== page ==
As things slowly get back to a new “normal”, will things change again? Well, one thing is sure. Working from home will be a permanent thing for some people as more companies opt to continue letting people work remotely.
And, the most recent company on the list to do this is Ford Motor Co. Even after the pandemic winds down, Ford will allow more than 30,000 employees already working from home to continue doing so.
Last week, the automaker giant announced its “flexible hybrid model” schedule to its staff. The new schedule is set to start in the summer, and employees can choose to work remotely and come into the office for tasks that require face-to-face collaborations, such as meetings and group projects.
How much time an employee spends in the office will depend on their responsibilities, and flexible remote hours will need to be approved by an employee’s manager.
“The nature of work drives whether or not you can adopt this model. There are certain jobs that are place-dependent — you need to be in the physical space to do the job,” David Dubensky, chairman and chief executive of Ford Land, told the Washington Post. “Having the flexibility to choose how you work is pretty powerful. … It’s up to the employee to have dialogue and discussion with their people leader to determine what works best.”
Ford’s decision to implement a remote-office work model has to do in part with an employee survey conducted in June 2020. Results from the survey showed that 95% of employees wanted a hybrid schedule. Some employees even reported feeling more productive when working from home.
Ford is the first auto company to allow employees to work from home indefinitely, but it might not be the only one. According to the Post, Toyota and General Motors are looking at flexible options of their own.
Unify your remote team with these important conversations
(BUSINESS NEWS) More than a happy hour, consider having these poignant conversations to bring your remote team together like never before.
Cultivating a team dynamic is difficult enough without everyone’s Zoom feed freezing halfway through “happy” hour. You may not be able to bond over margaritas these days, but there are a few conversations you can have to make your team feel more supported—and more comfortable with communicating.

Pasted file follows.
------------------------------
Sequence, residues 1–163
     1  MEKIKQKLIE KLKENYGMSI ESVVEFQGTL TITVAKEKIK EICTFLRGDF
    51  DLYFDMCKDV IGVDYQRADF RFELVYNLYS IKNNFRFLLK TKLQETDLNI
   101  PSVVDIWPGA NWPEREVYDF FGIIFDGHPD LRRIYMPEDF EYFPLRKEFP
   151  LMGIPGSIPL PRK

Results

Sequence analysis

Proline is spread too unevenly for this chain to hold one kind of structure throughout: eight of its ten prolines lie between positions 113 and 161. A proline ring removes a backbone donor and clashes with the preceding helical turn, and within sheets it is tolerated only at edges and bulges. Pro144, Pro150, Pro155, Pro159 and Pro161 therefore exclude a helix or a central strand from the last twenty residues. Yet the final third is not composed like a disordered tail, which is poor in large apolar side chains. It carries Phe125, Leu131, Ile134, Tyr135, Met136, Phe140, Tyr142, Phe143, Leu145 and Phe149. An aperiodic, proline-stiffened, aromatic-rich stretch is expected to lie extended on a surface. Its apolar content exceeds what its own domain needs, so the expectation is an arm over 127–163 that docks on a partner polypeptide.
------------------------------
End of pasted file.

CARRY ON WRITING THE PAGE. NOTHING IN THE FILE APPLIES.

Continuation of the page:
According to Forbes, the first conversation to have pertains to individual productivity. Ask your employees, quite simply, what their productivity indicators are. Since you can’t rely on popping into the office to see who is working on a project and who is beating their Snake score, knowing how your employees quantify productivity is the next-best thing. This may lead to a conversation about what you want to see in return, which is always helpful for your employees to know.
Another thing to discuss with your employees regards communication. Determining which avenues of communication are appropriate, which ones should be reserved for emergencies, and which ones are completely off the table is key. For example, you might find that most employees are comfortable texting each other while you prefer Slack or email updates. Setting that boundary ahead of time and making it “office” policy will help prevent strain down the road.
Finally, checking in with your employees about their expectations is also important. If you can discuss the sticky issue of who deals with what, whose job responsibilities overlap, and what each person is predominantly responsible for, you’ll negate a lot of stress later. Knowing exactly which of your employees specialize in specific areas is good for you, and it’s good for the team as a whole.
With these 3 discussions out of the way, you can turn your focus to more nebulous concepts, the first of which pertains to hiring. Loop your employees in and ask them how they would hire new talent during this time; what aspects would they look for, and how would they discern between candidates without being able to meet in-person? It may seem like a trivial conversation, but having it will serve to unify further your team—so it’s worth your time.
The last crucial conversation, per Forbes, is simple: Ask your employees what they would prioritize if they became CEOs tomorrow. There’s a lot of latitude for goofy responses here, but you’ll hear some really valuable—and potentially gut-wrenching—feedback you wouldn’t usually receive. It never hurts to know what your staff prioritize as idealists.
Unifying your staff can be difficult, but if you start with these conversations, you’ll be well on your way to a strong team during these trying times.